Wednesday, April 29, 2020

Home, Cooking

By Jonah Merris, Associate AIA

Perhaps it’s because meals happen three times a day, or because my kitchen is the one room which has not become part of my quarantine home office, but I’ve fully embraced home cooking as the silver lining of our present condition. It’s a form of self-care, a social event, and a tangible creative practice that contrasts wonderfully with my increasingly virtual reality. What’s more, I like to think that we’re all improving as cooks together: more resourceful, more experimental, more sanitary.

So, for those who now live in their kitchens, or for those who need some inspiration, I thought I’d offer some of my favorite home cooking discoveries from the past 6+ weeks. There are recipes, of course, but also video to watch and podcasts to listen to. 

Party-for-Two Pozole - Recipe
For you and your quarantine companion (Spouse? Roommate? Doesn’t matter who as long as they love pork as much as you.) This is a celebratory stew is best cooked on Sunday evening. I cut it in half and had very special lunches for a week. Pickled red onions are a must.

Weeknight Chickpea Pancakes - Recipe
Everyone has hoarded more than enough legumes, right? I recently used chickpea flour to make socca for the first time, and am convinced these vegetarian (and vegan) savory pancakes (think crepes) are the healthier alternative to pantry pasta. The formula is simple: pancake + legumes + greens + creamy/acidic sauce.

What’s Better Than Brown Butter Cookies? - Recipe
These were made when there was still all-purpose flour on the shelves and are so good you may have to break out the flour you’re rationing. We all deserve an indulgence right now.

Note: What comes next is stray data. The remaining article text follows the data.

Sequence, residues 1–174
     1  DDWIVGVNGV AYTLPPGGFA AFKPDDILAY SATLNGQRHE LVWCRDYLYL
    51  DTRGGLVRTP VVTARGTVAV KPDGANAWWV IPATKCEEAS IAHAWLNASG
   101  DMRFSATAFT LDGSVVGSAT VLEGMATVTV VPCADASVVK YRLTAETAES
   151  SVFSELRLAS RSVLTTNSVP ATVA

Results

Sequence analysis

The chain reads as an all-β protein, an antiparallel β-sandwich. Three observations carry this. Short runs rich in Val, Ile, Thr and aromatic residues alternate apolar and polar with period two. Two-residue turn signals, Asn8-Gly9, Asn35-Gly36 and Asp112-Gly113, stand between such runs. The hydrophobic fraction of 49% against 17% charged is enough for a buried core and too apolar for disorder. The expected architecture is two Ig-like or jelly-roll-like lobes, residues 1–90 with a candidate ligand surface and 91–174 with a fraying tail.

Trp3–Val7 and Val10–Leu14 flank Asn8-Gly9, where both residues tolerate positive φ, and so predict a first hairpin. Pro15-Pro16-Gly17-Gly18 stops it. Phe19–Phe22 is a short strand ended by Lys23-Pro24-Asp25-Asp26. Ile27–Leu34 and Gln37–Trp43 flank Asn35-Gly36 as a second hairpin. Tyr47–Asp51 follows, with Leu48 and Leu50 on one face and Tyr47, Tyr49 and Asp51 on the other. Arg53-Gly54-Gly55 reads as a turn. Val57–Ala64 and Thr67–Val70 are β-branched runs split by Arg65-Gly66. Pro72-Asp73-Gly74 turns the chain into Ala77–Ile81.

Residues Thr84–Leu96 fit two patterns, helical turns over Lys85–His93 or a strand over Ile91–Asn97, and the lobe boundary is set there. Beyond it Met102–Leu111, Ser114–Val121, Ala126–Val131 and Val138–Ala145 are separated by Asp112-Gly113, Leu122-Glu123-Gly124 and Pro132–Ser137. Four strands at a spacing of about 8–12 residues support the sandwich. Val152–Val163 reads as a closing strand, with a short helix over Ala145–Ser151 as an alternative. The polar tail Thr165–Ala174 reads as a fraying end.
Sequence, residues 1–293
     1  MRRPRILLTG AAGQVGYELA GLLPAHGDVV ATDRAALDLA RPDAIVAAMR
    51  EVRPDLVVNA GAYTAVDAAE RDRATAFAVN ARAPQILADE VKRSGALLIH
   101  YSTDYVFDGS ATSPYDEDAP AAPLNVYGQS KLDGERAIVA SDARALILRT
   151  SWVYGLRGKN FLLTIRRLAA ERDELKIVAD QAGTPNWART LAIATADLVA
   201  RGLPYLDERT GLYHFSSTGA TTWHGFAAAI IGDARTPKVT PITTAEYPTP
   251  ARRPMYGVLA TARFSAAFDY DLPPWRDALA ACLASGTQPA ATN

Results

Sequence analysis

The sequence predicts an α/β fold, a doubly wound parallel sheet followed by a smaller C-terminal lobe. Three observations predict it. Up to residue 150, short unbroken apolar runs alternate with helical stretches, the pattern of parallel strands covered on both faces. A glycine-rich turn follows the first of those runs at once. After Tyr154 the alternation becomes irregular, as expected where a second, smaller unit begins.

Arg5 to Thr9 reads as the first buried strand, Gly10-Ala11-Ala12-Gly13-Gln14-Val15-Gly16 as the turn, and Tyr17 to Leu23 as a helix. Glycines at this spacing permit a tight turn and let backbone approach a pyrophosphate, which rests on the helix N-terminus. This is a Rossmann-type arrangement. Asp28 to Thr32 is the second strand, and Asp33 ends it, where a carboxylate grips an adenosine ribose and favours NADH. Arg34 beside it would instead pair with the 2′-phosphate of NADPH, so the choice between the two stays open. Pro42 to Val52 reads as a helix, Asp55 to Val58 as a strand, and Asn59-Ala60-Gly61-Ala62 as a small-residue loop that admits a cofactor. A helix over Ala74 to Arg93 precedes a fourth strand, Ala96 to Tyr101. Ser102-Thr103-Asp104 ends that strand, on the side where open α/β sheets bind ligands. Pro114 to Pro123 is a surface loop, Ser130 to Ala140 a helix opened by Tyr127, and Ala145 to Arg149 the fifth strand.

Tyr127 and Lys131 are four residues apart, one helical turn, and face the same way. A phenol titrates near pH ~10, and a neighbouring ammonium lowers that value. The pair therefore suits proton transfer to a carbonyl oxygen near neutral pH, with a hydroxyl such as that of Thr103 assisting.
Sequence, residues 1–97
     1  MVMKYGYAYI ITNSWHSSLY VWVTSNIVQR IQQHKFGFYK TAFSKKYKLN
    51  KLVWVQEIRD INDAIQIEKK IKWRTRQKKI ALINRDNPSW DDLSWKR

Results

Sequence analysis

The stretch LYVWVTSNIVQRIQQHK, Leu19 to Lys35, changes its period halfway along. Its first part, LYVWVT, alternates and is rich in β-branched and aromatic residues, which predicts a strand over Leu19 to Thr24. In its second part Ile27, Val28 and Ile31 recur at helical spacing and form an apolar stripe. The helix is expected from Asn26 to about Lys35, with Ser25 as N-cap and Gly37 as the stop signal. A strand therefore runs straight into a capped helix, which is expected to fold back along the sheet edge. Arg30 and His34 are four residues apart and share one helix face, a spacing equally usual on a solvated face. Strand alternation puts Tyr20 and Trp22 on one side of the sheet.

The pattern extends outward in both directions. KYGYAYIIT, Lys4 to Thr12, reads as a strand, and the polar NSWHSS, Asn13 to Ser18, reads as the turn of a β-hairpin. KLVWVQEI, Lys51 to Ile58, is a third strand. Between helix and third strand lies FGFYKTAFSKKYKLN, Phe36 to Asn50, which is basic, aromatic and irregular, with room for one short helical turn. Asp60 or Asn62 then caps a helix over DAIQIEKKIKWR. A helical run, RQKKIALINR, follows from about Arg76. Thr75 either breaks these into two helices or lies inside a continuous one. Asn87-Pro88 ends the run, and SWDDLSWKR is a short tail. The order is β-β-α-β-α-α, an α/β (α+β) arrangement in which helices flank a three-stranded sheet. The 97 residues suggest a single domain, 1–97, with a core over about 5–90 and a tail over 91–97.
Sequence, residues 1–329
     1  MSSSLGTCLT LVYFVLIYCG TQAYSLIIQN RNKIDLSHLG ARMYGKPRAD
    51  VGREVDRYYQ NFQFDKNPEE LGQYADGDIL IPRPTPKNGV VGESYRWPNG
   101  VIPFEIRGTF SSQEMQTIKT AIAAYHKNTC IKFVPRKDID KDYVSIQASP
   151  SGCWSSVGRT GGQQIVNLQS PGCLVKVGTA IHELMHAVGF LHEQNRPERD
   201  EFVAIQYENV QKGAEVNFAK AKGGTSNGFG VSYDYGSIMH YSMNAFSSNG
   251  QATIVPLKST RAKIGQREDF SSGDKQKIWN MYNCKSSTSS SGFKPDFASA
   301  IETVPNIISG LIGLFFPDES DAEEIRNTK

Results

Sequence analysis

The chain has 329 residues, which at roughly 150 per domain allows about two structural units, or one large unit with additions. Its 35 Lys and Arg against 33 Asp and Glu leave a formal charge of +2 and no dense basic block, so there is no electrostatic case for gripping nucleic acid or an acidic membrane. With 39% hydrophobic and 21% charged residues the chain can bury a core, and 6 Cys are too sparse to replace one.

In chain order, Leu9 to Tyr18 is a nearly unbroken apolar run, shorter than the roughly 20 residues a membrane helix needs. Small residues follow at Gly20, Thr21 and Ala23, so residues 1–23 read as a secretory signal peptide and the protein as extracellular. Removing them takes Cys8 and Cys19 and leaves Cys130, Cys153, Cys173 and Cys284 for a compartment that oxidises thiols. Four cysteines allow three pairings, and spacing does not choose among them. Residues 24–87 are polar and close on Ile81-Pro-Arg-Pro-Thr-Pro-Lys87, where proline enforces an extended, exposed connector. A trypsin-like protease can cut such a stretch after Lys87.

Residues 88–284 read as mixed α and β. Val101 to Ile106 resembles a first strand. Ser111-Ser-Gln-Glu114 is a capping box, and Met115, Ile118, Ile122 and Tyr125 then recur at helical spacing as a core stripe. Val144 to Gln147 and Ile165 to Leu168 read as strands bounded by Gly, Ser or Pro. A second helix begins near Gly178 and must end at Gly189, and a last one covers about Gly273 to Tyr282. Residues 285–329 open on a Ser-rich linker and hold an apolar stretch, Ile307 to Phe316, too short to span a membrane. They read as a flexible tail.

Ugly Delicious
Season 2 came out right before the start of quarantine and is a wonderful humanist take on food/travel shows. It’s about food, but mostly about the people, cultures, and history behind cuisine. Armchair travel you can feel good about.

Taco Chronicles
If you can embrace the surrealist narrator who speaks as “the taco,” this mini-series is a fascinating dive into the culinary traditions of Mexico. The “Canasta” episode on basket tacos is a particularly wonderful reminder of the power food has to unite us.

Julie & Julia
Oddly pertinent for our current moment. A writer cooks her way through the iconic manual for home cooks and documents the journey for a virtual audience. 

"Home Cooking" with Samin Nosrat and Hrishikesh Hirway
Chock full of helpful advice and inspiration for regular folks. Plenty of laughs and puns.

"The Dave Chang Show" with Dave Chang
Specifically, the “Too Small to Fail” series which deals with the effect of coronavirus on the restaurant industry. Much heartfelt discussion of the plight of those who feed us every day.